Archive for drugs

Gay Relationship Commitment Worse Than Random Killings

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An Indiana bakery recently refused to make an anniversary cake for a customer because the event was in honor of a same-sex marriage commitment. It was this couple's 14th anniversary -- which in my book is a strong commitment. How many "straight" relationships last that long?

Putting the legitimacy aside, this bakery refused to make the cake based on their self-professed strong religious beliefs which they claim prohibit them from making a cake that celebrates a lifestyle their religion opposes. Well, they're Catholic and I'm not so sure their religious leader, Pope Francis would draw the line in the sand where these followers have.

So we'll take that and put it aside for a moment. Figuring where religious beliefs begin and just plain bigotry leaves off is a decision for greater minds than mine. The owners of the 111 Cakery, Randy and Trish McGath, insist they've never, in the past, denied service to anyone based upon who they are or their beliefs. Just so long as they're consistent, I think they have an argument. Not a legal one, but a moral one.

RAW STORY:

Owner Randy McGath further explained, “There is zero hate here.This causes us to do a lot of soul searching. Why are we doing what we do? We want to show the love of Christ. We want to be right with our God, but we also want to show kindness and respect to other people.”

The bakery policies also include also not making custom cakes with messages related to alcohol, drugs and violence.

Well, they have their standards, though putting two same-sex names on a generic anniversary cake shouldn't be challenging these religious bakers' beliefs. It's not like the cake celebrates alcohol, drugs or violence which they say they also would refuse.

Wait a minute... are these flour and frosting tossers actually two hypocrites? Here's a cake they did make:

bakery111_Call_of_duy_cake

Call of Duty is one of the most violent video games out there. If that's not celebrating violence, what does? Yet these cretins of cooking, the owners of Cakery 111 defend that cake of violence while refusing two committed, loving gay people the celebration of their love.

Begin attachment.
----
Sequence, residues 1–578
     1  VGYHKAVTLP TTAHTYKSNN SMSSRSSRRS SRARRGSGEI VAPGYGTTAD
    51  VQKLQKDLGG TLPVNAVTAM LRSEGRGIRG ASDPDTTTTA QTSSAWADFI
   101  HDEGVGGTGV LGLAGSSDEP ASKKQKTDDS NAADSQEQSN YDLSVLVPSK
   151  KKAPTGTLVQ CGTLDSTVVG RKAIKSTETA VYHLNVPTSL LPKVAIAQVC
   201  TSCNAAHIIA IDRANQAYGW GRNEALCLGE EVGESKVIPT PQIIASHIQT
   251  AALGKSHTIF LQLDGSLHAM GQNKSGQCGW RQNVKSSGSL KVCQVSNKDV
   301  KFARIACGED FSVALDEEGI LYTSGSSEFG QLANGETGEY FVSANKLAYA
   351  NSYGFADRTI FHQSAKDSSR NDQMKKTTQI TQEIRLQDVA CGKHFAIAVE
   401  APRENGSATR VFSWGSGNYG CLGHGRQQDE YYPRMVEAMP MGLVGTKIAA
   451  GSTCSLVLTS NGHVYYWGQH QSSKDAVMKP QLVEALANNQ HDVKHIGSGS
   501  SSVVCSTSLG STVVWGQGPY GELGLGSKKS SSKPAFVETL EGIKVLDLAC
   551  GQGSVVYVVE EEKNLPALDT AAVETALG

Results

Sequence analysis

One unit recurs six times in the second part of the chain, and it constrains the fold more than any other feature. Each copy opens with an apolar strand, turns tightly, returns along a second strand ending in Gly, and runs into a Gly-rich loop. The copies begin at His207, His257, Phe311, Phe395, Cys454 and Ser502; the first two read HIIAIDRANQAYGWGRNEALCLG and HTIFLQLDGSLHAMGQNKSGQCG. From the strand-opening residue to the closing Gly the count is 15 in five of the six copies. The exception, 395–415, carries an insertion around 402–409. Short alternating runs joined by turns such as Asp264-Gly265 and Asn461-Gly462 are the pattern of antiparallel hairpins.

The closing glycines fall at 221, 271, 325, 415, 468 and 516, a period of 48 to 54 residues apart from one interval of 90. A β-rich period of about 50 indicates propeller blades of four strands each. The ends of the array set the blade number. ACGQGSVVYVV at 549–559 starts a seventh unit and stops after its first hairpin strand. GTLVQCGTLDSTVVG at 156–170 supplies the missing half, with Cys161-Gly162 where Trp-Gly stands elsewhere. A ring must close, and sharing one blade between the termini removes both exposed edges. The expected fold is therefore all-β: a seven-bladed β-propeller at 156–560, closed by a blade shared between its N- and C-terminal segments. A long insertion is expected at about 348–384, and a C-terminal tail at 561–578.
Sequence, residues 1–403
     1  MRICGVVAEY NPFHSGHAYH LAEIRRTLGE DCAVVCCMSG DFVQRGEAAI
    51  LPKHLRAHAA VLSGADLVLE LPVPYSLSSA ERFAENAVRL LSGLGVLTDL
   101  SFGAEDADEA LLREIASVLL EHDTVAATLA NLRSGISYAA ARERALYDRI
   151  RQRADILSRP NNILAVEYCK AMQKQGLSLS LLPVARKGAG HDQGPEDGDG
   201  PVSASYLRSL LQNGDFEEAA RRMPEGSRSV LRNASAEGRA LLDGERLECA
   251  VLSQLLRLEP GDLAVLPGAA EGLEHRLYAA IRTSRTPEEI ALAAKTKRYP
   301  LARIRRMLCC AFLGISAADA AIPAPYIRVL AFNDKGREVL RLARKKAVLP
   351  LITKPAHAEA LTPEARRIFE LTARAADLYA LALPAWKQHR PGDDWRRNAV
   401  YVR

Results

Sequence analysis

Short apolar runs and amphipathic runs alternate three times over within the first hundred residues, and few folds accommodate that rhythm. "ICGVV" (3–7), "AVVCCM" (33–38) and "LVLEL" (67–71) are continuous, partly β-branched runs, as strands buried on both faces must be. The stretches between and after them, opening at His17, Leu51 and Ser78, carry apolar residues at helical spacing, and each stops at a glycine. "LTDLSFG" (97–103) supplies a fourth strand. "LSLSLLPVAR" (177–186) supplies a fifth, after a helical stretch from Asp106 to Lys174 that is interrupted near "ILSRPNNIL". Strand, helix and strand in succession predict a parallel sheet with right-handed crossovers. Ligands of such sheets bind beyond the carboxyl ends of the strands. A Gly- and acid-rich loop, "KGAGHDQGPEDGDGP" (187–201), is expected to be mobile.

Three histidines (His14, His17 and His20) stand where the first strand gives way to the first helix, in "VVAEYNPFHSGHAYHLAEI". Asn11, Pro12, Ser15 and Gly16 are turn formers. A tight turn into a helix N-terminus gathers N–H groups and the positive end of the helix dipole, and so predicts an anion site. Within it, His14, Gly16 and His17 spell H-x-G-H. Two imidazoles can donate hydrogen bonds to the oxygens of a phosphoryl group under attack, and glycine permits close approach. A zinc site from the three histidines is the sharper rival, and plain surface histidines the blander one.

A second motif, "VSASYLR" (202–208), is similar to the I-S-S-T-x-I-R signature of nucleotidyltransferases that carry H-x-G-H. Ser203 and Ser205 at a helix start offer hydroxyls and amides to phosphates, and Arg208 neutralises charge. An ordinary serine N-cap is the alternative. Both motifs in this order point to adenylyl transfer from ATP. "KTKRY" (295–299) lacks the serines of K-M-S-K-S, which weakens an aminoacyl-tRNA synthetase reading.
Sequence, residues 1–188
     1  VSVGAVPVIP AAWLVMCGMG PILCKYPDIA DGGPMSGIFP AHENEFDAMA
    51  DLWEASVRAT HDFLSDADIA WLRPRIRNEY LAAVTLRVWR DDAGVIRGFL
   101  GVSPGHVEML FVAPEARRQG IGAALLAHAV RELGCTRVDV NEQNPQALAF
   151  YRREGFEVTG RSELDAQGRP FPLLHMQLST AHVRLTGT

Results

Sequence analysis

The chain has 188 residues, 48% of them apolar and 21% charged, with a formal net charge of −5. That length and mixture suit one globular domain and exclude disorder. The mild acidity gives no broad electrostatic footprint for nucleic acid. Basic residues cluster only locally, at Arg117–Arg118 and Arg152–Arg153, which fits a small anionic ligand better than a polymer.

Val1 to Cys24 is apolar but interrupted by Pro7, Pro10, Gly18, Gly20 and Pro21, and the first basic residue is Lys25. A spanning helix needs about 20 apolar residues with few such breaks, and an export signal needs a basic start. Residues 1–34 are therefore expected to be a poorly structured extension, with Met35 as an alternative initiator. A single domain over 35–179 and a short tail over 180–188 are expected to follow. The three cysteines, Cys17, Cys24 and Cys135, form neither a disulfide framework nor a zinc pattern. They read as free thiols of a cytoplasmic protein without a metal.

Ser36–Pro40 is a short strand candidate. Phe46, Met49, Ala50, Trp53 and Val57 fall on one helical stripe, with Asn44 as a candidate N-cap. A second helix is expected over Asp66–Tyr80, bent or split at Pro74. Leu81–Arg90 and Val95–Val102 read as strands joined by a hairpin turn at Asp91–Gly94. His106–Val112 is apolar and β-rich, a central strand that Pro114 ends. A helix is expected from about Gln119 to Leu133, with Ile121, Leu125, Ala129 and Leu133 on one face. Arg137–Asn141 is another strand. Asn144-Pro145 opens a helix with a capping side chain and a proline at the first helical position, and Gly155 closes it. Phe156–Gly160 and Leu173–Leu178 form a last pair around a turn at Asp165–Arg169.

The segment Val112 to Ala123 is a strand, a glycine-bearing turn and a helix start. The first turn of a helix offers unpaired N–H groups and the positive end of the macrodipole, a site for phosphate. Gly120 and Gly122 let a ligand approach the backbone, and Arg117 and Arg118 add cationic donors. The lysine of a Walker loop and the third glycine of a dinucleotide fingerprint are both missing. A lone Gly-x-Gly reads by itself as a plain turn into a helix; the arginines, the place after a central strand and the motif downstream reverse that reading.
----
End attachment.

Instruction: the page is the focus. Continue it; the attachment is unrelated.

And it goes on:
And they use religious beliefs as their defense. Bullsh*t is what I call it. Shameful that this hypocritical refusal is not illegal  in Indiana -- at least not yet.

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Sunday Links

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Billionaire Tom Perkins

Billionaire Tom Perkins

Sunday links from The Political Carnival

How One Billionaire (Tom Perkins) ’s Idea To Give Rich People More Votes Is Already In The Works

Ted Cruz’s imperialist fantasy: Why his latest anti-Obama epithet is so dangerous

The Accident That Killed Me

US Drug Policy Fuels Push For Legal Pot Worldwide

15 Ridiculous Things People Say When They Find Out You're Brazilian

Norway Killer Anders Breivik Threatens Hunger Strike For Better Video Games

You Think You Have It Bad? Here's One Of The Snowiest Places On Earth.

Rand Paul ABDUCTED Female Student While In College, Tried To Force Her To 'Take Bong Hits,' GQ Article Alleges

41 Things You Need to Know Right Now for No Reason in Particular

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"Why Save Lives? That Costs Money," Maine Gov. LePage

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HuffPo:

Maine Gov. Paul LePage (R) appears set to oppose a bill increasing access to a lifesaving anti-overdose medication because of concerns rejected by public health experts that it could encourage more drug abuse, according to the bill's chief sponsor.

Fatal heroin overdoses in Maine quadrupled from 2011 to 2012. Naloxone is a drug that can reverse overdoses from heroin and other opioids like morphine. State Rep. Sara Gideon (D) is sponsoring legislation that would place the drug [naloxone], which is sold under the trade name Narcan, in the hands of police, firefighters, at-risk users and their families.

With statistics like those above, why wouldn't any caring public servant not want to provide all possible life-saving options to all first responders? Do they send firemen to fires without water? Do they send cops out on the street without guns? So why this stand by the governor, and why now?